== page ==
Breaker, who portrays Youth in the semi-autobiographical musical penned by Stew and Heidi Rodewald, became involved with the production serendipitously. While performing in another production at the Sundance Theatre Lab, the creators of Passing Strange asked Breaker to read the script of their aborning musical. "Never in my wildest dreams when I was reading that script in the mountains of Utah did I think that we would be here," Breaker recalls of his first encounter with the Tony-nominated Best Musical.
The actor had never heard of Passing Strange or its creator Stew, but upon his first reading Breaker immediately fell in love with the work. Like Stew, Breaker also spent his formative years in Europe and finds that the ambiguity of his role allows Passing Strange to reach a broad range of audiences.
The musical, which delivers a heartfelt story propelled by the energy of a rock concert, is "physically, emotionally, mentally damaging and challenging," admits Breaker. "What helps is the audience. Even if they don't understand at the beginning, they're with us by the end. And that really keeps us alive."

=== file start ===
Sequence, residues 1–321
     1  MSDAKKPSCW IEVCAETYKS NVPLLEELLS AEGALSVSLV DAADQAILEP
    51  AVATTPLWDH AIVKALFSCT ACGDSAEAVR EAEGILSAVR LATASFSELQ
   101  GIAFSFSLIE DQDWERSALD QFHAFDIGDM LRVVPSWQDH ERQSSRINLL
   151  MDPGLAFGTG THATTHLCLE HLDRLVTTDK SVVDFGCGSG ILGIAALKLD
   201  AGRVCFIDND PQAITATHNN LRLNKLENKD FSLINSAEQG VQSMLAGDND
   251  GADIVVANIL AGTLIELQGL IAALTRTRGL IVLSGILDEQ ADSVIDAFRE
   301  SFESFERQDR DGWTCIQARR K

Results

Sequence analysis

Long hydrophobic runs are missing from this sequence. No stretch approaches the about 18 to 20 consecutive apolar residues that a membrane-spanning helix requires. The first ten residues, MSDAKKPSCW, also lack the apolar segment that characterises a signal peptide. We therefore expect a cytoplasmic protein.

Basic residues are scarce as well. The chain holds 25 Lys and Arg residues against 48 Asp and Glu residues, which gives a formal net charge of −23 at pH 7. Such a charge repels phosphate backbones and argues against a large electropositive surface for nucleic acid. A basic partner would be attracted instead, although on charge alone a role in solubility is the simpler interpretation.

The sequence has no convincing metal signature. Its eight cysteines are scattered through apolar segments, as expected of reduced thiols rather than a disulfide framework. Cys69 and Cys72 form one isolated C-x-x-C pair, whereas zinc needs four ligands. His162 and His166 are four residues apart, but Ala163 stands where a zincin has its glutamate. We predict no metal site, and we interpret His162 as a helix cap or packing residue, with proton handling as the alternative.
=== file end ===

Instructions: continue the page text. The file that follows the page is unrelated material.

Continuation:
Audiences and critics alike are embracing the musical that made its world premiere at Berkeley Rep, bowed Off-Broadway at the Public Theater and ultimately made the transfer uptown to Broadway's Belasco in February. The Broadway production was recently nominated for seven Tony nominations, including Best Musical and Best Featured Actor in a Musical for Breaker. "It's such an honor, and it's great that a show like this made it without recasting and without any major edits," Breaker says. "It was really great to know that we survived and that we're here on Broadway."
Passing Strange is unlike any of its fellow nominated musicals, and Breaker takes note of the varied productions that the 2008 season is offering Broadway audiences, commenting, "I think that Broadway wants us here. I think audiences are looking for a truly diverse Broadway year.
"I think what's great," Breaker adds, "is that shows like Passing Strange and In the Heights are paired with shows like Gypsy and South Pacific and Sunday in the Park With George and A Catered Affair — I think that's the way to survive and to get people coming back to theatre."